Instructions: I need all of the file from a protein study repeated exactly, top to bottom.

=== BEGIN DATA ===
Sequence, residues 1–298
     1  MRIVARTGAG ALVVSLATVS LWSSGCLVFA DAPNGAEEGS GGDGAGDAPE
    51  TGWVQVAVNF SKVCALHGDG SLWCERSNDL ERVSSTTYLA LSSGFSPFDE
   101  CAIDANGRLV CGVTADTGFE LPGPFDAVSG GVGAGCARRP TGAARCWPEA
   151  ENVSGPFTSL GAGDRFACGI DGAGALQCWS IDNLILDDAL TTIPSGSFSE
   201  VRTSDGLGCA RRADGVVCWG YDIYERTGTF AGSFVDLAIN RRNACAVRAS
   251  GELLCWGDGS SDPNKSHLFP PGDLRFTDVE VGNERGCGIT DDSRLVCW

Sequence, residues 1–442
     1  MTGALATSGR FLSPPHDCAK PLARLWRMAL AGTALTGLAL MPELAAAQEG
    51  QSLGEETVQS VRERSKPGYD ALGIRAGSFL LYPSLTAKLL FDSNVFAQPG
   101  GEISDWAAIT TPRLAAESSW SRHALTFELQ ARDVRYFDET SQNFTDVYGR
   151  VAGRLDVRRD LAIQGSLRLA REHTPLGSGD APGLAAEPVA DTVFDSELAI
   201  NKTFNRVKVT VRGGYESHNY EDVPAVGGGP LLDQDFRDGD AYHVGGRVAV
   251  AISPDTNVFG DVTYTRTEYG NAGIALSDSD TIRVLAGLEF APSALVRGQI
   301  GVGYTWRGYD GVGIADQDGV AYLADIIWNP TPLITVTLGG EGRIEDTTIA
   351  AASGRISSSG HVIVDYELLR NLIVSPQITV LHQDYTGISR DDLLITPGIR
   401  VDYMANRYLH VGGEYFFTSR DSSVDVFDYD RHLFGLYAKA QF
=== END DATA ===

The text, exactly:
Sequence, residues 1–298
     1  MRIVARTGAG ALVVSLATVS LWSSGCLVFA DAPNGAEEGS GGDGAGDAPE
    51  TGWVQVAVNF SKVCALHGDG SLWCERSNDL ERVSSTTYLA LSSGFSPFDE
   101  CAIDANGRLV CGVTADTGFE LPGPFDAVSG GVGAGCARRP TGAARCWPEA
   151  ENVSGPFTSL GAGDRFACGI DGAGALQCWS IDNLILDDAL TTIPSGSFSE
   201  VRTSDGLGCA RRADGVVCWG YDIYERTGTF AGSFVDLAIN RRNACAVRAS
   251  GELLCWGDGS SDPNKSHLFP PGDLRFTDVE VGNERGCGIT DDSRLVCW

Sequence, residues 1–442
     1  MTGALATSGR FLSPPHDCAK PLARLWRMAL AGTALTGLAL MPELAAAQEG
    51  QSLGEETVQS VRERSKPGYD ALGIRAGSFL LYPSLTAKLL FDSNVFAQPG
   101  GEISDWAAIT TPRLAAESSW SRHALTFELQ ARDVRYFDET SQNFTDVYGR
   151  VAGRLDVRRD LAIQGSLRLA REHTPLGSGD APGLAAEPVA DTVFDSELAI
   201  NKTFNRVKVT VRGGYESHNY EDVPAVGGGP LLDQDFRDGD AYHVGGRVAV
   251  AISPDTNVFG DVTYTRTEYG NAGIALSDSD TIRVLAGLEF APSALVRGQI
   301  GVGYTWRGYD GVGIADQDGV AYLADIIWNP TPLITVTLGG EGRIEDTTIA
   351  AASGRISSSG HVIVDYELLR NLIVSPQITV LHQDYTGISR DDLLITPGIR
   401  VDYMANRYLH VGGEYFFTSR DSSVDVFDYD RHLFGLYAKA QF